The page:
English 12 — Fri. Apr. 20

Today: We drafted our “Wild Encounters” composition.

We also looked briefly at some examples of Dillard’s sentence structures. Try imitating one or two of these structures in your own writing:

  • “He was ten inches long, thin as a curve, a muscled ribbon, brown as fruitwood, soft-furred, alert.”
  • “Our look as if two lovers, or deadly enemies, met unexpectedly on an overgrown path when each had been thinking of something else: a clearing blow to the gut.”
  • “It felled the forest, moved the fields, and drained the pond; the world dismantled and tumbled into that black hole of eyes.”
  • “I should have lunged for that streak of white under the weasel’s chin and held on, held on through mud and into the wild rose, held on for a dearer life.”

For example, describing the ocean I might analyze the first example like this: Description of size, simile, metaphor, simile about colour, short description, single word. And then write about the ocean:

  • “The waves were three feet high, loud as a garbage truck, a churning machine, grey as dull steel, frothing angrily, incessant.”

Give this a try with one of the above sentences or any other sentence (in this essay or elsewhere) that you consider beautiful or effective.

Homework: Please finish your first draft this weekend. On Tuesday we will read our last adventure-themed personal narrative: “Thanksgiving in Mongolia”.

 

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English 12 — Thu. Apr. 19

Today: We began to brainstorm and plan our next composition: Wild Encounters.

Tomorrow: Drafting the composition.

Homework: Keep reading up on your chosen animal/natural phenomenon and come to class tomorrow ready to write.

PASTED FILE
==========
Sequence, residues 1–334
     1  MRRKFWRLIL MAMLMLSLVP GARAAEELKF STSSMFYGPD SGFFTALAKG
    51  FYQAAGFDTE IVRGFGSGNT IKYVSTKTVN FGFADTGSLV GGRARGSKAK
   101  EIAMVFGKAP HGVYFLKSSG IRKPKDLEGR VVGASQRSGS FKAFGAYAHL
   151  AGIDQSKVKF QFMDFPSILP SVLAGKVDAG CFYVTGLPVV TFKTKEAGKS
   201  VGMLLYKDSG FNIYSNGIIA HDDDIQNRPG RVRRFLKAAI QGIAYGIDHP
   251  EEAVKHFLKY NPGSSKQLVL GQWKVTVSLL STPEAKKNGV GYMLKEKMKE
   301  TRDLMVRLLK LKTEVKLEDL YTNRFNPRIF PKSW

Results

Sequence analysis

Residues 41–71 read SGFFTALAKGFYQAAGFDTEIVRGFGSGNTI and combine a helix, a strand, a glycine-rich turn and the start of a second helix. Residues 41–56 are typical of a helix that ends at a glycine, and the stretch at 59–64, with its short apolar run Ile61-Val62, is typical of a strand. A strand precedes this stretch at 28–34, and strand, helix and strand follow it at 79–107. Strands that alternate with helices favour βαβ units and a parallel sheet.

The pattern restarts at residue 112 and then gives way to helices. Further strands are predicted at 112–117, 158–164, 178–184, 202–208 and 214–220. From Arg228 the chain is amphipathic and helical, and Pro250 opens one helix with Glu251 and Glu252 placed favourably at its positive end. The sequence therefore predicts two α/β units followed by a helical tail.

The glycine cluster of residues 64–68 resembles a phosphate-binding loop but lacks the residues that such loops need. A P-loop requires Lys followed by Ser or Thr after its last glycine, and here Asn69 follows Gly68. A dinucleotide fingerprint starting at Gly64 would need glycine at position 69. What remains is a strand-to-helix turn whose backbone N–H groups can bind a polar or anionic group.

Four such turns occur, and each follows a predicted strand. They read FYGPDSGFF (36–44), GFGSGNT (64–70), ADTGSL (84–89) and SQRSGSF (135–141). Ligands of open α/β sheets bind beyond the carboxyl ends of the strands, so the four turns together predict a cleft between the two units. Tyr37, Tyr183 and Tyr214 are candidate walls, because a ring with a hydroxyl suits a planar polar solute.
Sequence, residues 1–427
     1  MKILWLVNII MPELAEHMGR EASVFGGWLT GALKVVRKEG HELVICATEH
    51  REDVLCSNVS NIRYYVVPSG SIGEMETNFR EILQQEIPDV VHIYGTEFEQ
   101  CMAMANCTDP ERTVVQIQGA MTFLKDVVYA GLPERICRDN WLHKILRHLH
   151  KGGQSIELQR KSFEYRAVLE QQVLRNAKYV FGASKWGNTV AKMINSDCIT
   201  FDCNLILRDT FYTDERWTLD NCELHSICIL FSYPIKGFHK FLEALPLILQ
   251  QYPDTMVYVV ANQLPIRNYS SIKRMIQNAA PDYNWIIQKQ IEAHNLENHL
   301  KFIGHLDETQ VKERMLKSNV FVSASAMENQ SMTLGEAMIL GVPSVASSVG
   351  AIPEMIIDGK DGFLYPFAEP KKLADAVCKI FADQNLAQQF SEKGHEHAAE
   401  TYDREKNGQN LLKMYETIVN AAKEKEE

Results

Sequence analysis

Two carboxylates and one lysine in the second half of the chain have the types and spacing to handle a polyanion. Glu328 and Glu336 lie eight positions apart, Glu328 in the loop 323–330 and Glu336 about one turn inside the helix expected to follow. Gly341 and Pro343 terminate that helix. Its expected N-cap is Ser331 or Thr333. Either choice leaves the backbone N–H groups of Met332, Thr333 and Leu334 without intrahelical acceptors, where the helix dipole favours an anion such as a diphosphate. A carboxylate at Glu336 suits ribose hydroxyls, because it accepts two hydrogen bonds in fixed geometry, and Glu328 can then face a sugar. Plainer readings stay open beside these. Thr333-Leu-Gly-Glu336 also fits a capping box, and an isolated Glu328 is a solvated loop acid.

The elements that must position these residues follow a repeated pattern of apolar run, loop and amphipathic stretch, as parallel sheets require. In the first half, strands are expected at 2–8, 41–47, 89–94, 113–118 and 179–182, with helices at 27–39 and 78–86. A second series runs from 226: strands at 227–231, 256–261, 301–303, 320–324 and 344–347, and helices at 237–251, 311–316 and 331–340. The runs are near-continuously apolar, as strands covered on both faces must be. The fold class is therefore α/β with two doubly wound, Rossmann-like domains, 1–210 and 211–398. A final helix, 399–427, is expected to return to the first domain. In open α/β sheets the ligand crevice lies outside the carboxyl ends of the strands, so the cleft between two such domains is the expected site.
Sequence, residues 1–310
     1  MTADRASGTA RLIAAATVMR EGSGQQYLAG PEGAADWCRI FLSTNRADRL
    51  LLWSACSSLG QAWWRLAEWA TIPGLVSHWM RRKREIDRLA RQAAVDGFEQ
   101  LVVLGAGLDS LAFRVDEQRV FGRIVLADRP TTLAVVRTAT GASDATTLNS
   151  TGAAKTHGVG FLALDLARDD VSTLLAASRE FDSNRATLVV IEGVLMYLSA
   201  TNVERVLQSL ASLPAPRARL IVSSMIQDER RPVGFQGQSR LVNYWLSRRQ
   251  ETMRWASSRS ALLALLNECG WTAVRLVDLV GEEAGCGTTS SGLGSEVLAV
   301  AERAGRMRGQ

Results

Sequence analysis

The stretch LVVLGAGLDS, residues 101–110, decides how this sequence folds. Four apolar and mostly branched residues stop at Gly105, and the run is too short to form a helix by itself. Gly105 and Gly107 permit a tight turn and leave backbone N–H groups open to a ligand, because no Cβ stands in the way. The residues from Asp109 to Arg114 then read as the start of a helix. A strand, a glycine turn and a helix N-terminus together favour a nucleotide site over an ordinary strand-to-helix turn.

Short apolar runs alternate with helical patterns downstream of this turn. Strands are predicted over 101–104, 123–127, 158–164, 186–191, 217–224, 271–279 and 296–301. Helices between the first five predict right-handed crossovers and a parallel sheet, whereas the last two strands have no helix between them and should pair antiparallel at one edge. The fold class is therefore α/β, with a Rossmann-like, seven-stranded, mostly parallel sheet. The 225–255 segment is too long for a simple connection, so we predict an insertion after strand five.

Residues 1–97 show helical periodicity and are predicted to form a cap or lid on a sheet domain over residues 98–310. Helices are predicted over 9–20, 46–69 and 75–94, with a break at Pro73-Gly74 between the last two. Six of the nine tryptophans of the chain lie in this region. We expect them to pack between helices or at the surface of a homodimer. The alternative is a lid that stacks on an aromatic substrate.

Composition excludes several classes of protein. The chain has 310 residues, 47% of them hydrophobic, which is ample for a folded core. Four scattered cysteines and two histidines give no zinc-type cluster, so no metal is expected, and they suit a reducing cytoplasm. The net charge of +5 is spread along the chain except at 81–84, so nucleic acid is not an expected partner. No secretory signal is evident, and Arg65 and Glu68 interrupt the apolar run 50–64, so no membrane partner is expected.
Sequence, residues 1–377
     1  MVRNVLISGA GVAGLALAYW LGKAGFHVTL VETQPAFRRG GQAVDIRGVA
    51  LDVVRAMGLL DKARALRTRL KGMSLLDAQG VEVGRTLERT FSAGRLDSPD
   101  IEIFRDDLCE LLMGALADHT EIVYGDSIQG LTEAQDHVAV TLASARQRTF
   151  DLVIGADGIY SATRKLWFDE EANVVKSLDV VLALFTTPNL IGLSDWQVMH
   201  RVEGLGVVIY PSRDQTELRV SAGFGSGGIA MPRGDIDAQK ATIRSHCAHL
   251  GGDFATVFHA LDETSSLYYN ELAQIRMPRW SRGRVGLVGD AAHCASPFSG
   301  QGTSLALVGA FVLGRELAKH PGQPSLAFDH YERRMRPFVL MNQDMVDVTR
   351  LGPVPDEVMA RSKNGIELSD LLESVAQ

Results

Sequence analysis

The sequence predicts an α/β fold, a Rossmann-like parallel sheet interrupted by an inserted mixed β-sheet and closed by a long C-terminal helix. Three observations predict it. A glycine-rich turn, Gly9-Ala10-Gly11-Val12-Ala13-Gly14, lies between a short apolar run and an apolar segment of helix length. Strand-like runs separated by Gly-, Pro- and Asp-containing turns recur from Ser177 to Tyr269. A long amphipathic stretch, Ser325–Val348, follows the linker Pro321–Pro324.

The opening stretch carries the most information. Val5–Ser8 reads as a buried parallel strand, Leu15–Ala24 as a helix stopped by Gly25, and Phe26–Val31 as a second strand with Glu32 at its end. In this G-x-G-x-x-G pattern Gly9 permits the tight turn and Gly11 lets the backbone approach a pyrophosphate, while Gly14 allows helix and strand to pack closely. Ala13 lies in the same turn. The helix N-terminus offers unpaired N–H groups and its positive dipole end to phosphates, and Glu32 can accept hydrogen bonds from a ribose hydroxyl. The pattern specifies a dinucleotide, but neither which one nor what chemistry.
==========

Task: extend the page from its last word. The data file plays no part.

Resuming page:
English 12 — Thu. Apr. 12 & Fri. Apr. 13

On these two days: We wrote the imitation of “Trapeze Lessons” that we planned out on Wednesday.

Homework: Select one of the last two original composition assignments (the one based on ‘Trapeze Lessons” or the one based on “Paddle to Canada”) and prepare it for peer review. In other words, make sure it is finished. Read and revise it. Proofread it to correct obvious errors in punctuation, capitalization and spelling.

On Monday we will peer review your preferred draft.

English 12 — Wed. Apr. 11

Today: We planned a composition in imitation of the style and subject matter of “Trapeze Lessons.”

 

Assignment: Tell a story, in fragments or short vignettes, about a experience you’ve had learning how something or struggling with something difficult.

In order to fit the form, it would be best if this occurred over several days, not just one day.

Step 1. Brainstorm a few different topics that would work for this assignment for you. Then pick one. My choice of topic: Learning how to play basketball

Step 2. Brainstorm as many different “scenes” that you might include on that topic.

My Brainstorming:

  • My brother teaching me
    • to shoot one handed
    • to post up, drop step
    • left-handed lay up, drive left
  • Playing at the Rec Centre in Edmonton
  • The New Norway Team (organized)
  • The Thorhild Team (disorganized)
  • 3-on-3 tournament
  • getting mad
  • hanging out at night
  • Shooting hoops in the morning, solo drills
  • Committing
    • Stepping over the baseline
    • Ignoring the personal
  • “I am the best”
    • Grade 4
    • Bball camp at Briercrest
    • Talking trash (at the rec centre vs. in New Norway)
    • The scoring record (3-pointers game)

Step 3. Identifying a theme to unify the composition. Look over your notes and reflect on what ideas might come up in a few of them.

My example:

  • arrogance vs. dedication
    • basketball has been a good way to get self esteem through perhaps anti-social ways (trash-talking, dominating, selfish playing, anger as a motivating technique) meanwhile it has also fostered dedication and a commitment to higher ideals